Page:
Strategic intervention by government in technology capacity-building
In the developed economies, industrial growth and international competitiveness usually depend on access to new technologies and the capacity of different countries to sustain their lead in innovation and technological development. Since the early 1950s much of the discussion on technological capacity-building and competitiveness has therefore centred around the impact of policy, namely whether or not an active policy is necessary to achieve technological leadership and improve the competitiveness of national companies.
Although many developed countries have used industrial policy at one point or another, either to protect/preserve old industries or as a response to new industrial problems, only a few have used it consistently. In recent years, however, the loss of competitiveness arising from new technologies has forced most developed countries to focus on to a set of principles that broadly favour strategic policy intervention in key sectors. In the case of developing countries, on the other hand, the industrial policy debate has revolved around the infant-industry argument and in particular the question of how and for how long emerging industries should be protected.
Those who see a role for policy intervention argue that progress can be made through selective or strategic intervention in key industries, despite lack of clarity on how the selection is to be undertaken or when intervention should cease.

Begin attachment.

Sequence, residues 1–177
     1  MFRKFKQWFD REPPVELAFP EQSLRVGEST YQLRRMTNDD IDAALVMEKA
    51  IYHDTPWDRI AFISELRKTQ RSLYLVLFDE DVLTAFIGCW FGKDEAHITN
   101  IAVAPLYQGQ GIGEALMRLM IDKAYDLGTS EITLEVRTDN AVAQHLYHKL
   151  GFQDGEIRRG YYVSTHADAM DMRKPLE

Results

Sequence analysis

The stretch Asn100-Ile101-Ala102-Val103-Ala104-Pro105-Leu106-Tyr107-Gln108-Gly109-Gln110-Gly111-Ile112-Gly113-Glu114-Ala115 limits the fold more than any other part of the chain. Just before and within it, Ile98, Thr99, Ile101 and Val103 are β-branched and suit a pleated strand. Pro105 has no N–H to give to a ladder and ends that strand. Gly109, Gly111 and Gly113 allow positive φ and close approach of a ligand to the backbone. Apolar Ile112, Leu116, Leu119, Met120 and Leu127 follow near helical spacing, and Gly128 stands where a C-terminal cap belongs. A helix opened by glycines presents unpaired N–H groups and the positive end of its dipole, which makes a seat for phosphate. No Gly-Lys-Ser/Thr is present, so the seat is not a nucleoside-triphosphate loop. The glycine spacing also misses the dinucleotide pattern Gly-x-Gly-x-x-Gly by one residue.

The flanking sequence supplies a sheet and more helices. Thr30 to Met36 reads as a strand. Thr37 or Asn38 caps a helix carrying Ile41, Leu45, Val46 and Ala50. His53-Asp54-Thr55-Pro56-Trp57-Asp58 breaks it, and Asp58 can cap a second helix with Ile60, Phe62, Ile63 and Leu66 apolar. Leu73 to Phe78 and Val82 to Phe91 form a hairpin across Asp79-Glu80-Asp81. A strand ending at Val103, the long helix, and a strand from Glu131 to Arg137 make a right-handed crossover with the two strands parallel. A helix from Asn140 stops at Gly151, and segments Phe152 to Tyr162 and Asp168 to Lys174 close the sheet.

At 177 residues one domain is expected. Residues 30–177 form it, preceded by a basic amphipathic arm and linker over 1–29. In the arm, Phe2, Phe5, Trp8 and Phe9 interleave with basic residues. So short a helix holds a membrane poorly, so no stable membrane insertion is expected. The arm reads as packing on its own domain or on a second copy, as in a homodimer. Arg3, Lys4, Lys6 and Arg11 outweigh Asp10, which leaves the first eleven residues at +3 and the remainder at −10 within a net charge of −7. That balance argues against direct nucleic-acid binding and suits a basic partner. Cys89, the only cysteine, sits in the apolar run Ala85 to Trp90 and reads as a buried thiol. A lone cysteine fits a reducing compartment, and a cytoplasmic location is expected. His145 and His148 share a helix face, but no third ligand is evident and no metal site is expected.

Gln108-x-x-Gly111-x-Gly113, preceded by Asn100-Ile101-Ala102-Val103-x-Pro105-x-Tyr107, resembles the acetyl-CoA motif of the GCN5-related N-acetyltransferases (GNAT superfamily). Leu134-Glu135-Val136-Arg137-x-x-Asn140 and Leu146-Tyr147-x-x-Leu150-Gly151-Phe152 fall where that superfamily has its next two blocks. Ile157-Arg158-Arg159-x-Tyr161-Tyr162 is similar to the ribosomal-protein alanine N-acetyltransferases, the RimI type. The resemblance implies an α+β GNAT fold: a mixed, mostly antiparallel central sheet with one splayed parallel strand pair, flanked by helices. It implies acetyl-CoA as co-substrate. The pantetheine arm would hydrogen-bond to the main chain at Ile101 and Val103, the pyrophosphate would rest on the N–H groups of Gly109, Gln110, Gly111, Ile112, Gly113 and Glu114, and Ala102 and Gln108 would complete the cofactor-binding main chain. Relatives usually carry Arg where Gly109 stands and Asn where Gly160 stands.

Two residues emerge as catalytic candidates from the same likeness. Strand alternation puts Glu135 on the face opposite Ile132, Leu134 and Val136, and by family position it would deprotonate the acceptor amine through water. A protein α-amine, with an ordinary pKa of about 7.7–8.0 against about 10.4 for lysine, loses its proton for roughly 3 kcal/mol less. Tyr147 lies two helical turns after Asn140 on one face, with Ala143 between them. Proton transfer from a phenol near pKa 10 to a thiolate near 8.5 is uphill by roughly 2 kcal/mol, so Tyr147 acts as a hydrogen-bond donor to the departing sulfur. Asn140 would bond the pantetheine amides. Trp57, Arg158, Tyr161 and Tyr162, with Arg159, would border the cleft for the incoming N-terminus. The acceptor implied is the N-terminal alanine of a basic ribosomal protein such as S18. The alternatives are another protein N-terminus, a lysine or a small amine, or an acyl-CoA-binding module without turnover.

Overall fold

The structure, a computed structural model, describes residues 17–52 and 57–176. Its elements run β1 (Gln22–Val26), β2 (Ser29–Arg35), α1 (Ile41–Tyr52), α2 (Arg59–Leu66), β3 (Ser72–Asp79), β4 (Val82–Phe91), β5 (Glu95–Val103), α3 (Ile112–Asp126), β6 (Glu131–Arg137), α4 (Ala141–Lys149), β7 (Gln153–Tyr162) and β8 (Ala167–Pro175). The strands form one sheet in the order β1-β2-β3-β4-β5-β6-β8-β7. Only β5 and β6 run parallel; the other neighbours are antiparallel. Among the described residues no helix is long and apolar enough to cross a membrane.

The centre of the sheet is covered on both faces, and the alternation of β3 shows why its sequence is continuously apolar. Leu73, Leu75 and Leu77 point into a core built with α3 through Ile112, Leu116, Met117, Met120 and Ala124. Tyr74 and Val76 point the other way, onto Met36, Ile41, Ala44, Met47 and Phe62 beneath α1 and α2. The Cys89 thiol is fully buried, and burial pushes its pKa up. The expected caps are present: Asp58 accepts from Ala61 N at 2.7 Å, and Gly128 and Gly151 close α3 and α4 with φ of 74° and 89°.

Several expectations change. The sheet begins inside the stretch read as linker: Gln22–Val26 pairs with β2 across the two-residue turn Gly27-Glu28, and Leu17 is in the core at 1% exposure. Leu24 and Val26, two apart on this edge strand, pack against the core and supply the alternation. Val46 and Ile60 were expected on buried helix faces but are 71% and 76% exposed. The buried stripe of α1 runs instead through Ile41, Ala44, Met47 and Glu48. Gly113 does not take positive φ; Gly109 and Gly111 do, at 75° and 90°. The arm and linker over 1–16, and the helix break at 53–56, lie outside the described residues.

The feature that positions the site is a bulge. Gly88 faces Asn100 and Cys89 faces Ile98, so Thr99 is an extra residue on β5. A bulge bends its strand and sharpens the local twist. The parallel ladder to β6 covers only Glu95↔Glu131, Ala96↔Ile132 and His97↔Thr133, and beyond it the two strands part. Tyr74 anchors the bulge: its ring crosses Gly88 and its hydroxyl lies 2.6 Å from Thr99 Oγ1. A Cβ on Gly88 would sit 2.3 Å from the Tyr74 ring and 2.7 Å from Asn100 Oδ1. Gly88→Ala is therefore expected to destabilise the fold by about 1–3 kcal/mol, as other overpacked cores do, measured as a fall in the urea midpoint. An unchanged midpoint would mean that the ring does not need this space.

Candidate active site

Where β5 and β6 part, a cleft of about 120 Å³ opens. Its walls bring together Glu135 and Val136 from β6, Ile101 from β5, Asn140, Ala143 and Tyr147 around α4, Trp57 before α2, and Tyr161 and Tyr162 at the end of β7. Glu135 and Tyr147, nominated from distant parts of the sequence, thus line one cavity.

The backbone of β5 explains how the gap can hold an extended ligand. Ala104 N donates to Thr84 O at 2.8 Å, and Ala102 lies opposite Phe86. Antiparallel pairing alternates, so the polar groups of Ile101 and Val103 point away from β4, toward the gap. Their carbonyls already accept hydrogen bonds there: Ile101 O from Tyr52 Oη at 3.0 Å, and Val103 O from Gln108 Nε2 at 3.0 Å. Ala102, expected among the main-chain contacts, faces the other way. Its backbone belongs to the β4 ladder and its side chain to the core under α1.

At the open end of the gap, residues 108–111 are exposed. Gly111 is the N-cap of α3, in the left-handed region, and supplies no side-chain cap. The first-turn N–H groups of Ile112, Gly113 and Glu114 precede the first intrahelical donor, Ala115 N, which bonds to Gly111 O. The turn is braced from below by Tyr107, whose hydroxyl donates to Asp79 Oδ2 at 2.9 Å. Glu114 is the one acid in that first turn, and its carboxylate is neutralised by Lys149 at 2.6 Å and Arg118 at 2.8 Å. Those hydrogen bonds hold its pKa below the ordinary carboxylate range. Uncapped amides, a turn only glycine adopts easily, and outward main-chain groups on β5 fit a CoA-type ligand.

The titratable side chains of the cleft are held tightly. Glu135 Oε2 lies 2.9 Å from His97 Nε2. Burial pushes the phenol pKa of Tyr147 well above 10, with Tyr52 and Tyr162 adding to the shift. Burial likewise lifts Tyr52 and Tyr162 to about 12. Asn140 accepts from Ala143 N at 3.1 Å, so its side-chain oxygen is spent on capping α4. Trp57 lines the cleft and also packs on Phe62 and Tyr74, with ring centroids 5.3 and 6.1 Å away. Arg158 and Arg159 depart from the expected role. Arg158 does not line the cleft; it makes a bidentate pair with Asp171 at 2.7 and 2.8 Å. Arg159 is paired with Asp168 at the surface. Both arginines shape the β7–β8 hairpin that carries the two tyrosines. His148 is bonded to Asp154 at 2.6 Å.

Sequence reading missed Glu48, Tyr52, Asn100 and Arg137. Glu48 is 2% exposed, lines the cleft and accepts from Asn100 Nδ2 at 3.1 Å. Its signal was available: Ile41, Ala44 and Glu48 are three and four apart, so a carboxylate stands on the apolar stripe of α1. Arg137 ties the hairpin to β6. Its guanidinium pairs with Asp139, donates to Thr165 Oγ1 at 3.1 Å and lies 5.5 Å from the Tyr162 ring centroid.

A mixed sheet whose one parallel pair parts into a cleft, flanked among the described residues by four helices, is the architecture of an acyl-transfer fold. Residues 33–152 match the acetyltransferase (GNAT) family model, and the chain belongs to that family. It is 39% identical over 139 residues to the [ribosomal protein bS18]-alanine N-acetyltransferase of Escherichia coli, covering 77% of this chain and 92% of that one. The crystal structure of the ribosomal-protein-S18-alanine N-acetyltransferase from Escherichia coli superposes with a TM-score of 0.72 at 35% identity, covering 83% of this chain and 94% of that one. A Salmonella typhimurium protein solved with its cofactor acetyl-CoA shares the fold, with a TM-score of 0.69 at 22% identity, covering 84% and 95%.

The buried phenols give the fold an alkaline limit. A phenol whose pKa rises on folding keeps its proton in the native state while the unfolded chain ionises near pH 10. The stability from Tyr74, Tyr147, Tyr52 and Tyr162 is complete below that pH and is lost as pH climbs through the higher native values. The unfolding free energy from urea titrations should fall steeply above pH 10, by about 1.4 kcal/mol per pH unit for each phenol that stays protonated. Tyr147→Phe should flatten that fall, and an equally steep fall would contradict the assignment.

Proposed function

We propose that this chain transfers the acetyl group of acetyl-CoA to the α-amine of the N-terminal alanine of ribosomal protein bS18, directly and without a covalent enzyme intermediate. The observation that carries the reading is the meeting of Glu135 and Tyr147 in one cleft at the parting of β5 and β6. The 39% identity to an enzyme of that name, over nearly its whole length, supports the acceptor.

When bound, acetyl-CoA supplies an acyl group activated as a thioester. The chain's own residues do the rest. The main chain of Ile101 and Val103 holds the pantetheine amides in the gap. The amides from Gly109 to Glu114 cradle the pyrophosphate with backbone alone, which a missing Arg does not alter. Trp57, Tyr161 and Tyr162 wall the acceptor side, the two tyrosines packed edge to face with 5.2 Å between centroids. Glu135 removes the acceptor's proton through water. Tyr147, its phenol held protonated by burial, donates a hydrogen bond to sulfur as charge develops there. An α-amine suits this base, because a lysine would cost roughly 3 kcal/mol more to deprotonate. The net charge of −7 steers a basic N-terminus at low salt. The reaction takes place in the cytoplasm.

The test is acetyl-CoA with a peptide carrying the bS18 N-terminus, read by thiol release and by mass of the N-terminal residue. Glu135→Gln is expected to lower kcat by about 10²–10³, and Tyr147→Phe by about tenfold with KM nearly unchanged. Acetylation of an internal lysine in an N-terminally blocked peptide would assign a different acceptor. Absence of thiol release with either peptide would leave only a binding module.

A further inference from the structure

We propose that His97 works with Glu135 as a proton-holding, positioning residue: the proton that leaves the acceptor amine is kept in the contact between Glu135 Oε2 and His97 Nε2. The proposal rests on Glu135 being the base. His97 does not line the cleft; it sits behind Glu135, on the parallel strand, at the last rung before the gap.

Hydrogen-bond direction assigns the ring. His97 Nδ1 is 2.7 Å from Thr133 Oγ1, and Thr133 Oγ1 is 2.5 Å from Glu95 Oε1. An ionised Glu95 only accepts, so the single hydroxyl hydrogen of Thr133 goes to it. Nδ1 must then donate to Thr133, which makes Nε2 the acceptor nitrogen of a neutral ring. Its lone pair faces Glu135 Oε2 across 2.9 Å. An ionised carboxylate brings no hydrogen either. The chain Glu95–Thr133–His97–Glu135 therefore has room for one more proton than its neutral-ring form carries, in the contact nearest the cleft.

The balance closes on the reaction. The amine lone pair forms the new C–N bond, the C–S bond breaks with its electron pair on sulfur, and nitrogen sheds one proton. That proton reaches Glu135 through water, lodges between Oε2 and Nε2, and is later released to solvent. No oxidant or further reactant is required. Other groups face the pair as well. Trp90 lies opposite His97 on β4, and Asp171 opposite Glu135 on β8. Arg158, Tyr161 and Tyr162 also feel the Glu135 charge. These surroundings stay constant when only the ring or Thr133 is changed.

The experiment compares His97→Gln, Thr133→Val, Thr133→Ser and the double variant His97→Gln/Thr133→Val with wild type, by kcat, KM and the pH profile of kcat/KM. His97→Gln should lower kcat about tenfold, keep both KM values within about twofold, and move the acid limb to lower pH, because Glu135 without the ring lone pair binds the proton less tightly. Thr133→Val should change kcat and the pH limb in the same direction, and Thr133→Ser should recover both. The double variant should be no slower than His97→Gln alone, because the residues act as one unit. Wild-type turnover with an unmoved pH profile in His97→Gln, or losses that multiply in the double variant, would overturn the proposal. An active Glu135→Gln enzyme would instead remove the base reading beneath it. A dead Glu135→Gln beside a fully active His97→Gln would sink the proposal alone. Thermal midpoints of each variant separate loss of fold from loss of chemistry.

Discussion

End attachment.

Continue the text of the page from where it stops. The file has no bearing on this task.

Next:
Orthodox neoclassical economists either do not accept a role for strategic intervention, or conceding the rare occurrence of market failure, they insist that government failure inherent in remedial actions will be even more damaging. For non-interventionists the type of industries and technologies developed should be determined not by government policy but by the market. The role of government should then be confined to creating the right conditions for competition and the market to function properly. Such competition is believe to be highly desirable because it leads to efficient production at a minimum cost and creates an environment conducive to technological change and innovation. Anything which interferes with such competition is therefore undesirable.
The Encyclopedia of World Problems and Human Potential is a collaboration between UIA and Mankind 2000, started in 1972. It is the result of an ambitious effort to collect and present information on the problems with which humanity is confronted, as well as the challenges such problems pose to concept formation, values and development strategies. Problems included are those identified in international periodicals but especially in the documents of some 60,000 international non-profit organizations, profiled in the Yearbook of International Organizations.
The Encyclopedia includes problems which such groups choose to perceive and act upon, whether or not their existence is denied by others claiming greater expertise. Indeed such claims and counter-claims figure in many of the problem descriptions in order to reflect the often paralyzing dynamics of international debate. In the light of the interdependence demonstrated among world problems in every sector, emphasis is placed on the need for approaches which are sufficiently complex to encompass the factions, conflicts and rival worldviews that undermine collective initiative towards a promising future.
Non-profit, apolitical, independent, and non-governmental in nature, the UIA has been a pioneer in the research, monitoring and provision of information on international organizations, international associations and their global challenges since 1907.